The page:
Posted on March 11, 2015 by Graeme Wilson in Victory Call
Freedom, liberty, and victory — we all want these to characterize our lives. Yet, so often they seem elusive.
Instead we worry, fret and stew. As God’s children we have 24/7 access to our Father. Why do we so rarely take advantage of that?
Perhaps we think that we can handle the little stuff but we will go to God for the big stuff. Looking at that statement we realize the foolishness of it, but truth be told, that is how most of us operate. As soon as we think, “I can handle…anything” we have exposed an independent attitude that characterizes many believers.
I was first struck by this thought while working through Beth Moore’s “Breaking Free” study. She lists prayerlessness as one of the obstacles to our freedom, liberty, and victory.
I was reminded of that again recently when I was reading the March 3rd devotional in “New Morning Mercies” by Paul David Tripp. Here are some excerpts from that day: “Prayer abandons independence. Prayer forsakes any thought that you can make it on your own. Prayer affirms dependency… We need to be met by God’s grace if, in true humility, we are ever going to be able to abandon our self-reliance and pray for grace…since prayer is fundamentally counterintuitive, we need grace to rescue us from our self-oriented religious meanderings so that, with humble hearts, we may acknowledge God as the Redeemer-King and cast ourselves on his gracious care. Prayer always forsakes the kingdom of self for the kingdom of God.”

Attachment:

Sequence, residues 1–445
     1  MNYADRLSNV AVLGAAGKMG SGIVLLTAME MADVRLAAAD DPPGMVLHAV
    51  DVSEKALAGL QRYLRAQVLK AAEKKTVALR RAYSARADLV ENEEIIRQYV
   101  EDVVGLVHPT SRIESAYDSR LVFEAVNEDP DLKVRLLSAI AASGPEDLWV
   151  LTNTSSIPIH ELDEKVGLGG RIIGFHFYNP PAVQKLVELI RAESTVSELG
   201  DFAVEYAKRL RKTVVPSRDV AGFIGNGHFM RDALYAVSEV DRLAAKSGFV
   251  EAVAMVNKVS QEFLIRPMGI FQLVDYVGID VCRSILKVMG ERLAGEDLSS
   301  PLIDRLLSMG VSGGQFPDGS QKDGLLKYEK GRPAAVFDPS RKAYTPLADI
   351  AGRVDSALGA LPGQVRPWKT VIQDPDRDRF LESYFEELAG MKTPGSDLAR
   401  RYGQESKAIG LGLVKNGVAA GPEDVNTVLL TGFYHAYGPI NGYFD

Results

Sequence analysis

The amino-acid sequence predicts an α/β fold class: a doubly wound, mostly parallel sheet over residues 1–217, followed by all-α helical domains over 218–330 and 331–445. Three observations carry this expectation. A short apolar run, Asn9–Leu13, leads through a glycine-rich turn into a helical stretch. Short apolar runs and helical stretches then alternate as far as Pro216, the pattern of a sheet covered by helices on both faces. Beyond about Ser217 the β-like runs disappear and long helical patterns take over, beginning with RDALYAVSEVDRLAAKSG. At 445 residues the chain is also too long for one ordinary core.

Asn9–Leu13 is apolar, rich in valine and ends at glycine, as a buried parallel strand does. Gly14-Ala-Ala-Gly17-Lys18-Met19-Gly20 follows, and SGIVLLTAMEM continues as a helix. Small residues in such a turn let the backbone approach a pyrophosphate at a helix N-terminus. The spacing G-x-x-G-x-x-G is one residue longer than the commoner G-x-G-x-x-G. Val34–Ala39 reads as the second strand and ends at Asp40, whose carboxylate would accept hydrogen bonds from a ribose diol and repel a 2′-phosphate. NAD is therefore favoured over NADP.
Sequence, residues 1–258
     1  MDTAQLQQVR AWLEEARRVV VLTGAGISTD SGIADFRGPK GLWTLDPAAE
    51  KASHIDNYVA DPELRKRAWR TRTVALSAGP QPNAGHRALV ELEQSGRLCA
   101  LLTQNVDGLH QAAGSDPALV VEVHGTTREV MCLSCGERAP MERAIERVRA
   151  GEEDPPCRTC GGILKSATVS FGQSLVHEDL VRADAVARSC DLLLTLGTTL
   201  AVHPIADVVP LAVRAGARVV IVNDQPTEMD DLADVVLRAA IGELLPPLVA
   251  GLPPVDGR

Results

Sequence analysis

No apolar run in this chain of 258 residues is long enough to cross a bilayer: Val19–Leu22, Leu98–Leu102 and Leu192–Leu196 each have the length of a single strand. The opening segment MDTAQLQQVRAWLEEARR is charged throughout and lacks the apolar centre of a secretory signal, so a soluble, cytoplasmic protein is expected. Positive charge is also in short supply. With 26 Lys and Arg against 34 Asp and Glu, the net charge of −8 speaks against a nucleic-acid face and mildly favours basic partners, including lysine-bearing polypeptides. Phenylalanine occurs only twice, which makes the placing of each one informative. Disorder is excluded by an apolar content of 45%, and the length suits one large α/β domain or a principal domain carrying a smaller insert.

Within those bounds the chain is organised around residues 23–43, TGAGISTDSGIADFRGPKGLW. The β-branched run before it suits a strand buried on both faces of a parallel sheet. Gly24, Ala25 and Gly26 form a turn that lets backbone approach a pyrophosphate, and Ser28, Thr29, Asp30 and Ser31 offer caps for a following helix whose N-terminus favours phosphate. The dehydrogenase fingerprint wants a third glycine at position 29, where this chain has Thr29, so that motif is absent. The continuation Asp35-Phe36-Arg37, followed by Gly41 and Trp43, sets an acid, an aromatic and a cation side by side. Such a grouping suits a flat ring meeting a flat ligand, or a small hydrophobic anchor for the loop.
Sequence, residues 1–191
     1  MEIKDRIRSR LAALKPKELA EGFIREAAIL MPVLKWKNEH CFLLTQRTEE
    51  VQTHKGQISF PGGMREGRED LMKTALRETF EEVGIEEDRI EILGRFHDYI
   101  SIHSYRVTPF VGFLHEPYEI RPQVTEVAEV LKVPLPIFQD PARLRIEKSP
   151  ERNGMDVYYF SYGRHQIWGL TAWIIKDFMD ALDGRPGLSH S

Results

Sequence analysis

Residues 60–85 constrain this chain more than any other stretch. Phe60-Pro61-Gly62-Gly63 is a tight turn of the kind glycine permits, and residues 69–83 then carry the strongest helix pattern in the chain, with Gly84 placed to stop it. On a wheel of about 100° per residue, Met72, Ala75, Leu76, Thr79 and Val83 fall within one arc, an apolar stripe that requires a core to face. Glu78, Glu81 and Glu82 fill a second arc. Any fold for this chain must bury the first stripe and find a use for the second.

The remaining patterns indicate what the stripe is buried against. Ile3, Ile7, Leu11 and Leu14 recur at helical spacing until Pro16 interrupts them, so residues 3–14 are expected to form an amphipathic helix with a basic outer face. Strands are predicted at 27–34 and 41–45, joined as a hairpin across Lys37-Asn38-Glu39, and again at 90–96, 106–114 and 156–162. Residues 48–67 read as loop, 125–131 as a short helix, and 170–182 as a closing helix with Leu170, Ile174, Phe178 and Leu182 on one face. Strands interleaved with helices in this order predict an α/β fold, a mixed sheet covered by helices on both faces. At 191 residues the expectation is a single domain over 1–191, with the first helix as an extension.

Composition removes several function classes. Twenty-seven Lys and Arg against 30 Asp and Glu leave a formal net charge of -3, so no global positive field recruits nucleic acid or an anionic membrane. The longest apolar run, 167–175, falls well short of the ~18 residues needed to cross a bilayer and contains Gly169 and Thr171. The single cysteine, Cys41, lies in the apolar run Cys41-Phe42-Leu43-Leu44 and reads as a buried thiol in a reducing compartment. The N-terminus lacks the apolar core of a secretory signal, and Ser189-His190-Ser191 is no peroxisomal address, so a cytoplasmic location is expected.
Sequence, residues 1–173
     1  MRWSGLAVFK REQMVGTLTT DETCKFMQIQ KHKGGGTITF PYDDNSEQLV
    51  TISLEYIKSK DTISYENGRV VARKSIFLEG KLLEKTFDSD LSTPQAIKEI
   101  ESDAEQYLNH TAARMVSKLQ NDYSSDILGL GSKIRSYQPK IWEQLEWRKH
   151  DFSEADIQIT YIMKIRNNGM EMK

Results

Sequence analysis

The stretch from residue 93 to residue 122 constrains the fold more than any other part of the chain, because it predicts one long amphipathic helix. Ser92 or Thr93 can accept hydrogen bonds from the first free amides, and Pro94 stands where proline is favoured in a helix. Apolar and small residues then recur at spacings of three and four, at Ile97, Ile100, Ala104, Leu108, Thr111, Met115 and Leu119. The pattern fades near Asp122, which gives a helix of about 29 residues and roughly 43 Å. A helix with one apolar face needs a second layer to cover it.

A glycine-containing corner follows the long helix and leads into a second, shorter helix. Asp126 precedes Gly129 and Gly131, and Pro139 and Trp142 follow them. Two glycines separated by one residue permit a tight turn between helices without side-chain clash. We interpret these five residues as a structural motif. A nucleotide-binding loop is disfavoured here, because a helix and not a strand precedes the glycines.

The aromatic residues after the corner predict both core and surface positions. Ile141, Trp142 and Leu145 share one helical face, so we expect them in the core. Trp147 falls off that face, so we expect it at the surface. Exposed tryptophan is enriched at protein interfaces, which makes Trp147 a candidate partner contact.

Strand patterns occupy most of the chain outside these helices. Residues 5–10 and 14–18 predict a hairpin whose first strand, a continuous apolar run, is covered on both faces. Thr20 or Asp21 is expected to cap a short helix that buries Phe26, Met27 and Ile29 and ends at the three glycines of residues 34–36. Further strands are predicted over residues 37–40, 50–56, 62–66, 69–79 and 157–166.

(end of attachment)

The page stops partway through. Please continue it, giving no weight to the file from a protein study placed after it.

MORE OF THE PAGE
I needed that reminder today. Perhaps you did too.
Diane Hunt is part of the Development and Addiction Recovery teams at America’s Keswick. In addition to being a Biblical Counselor, she is a Women’s speaker for retreats, conferences and events. She is a regular writer for Victory Call and one of the authors of Crossing the Jordan Bible Study. She has been married to her husband John for 30 years. She has 2 adult children, 4 grandchildren, 3 adult step-children with 7 grandchildren making 11 in all. She delights in reading and teaching, but mostly in laughing at the funny things her grandchildren say and do.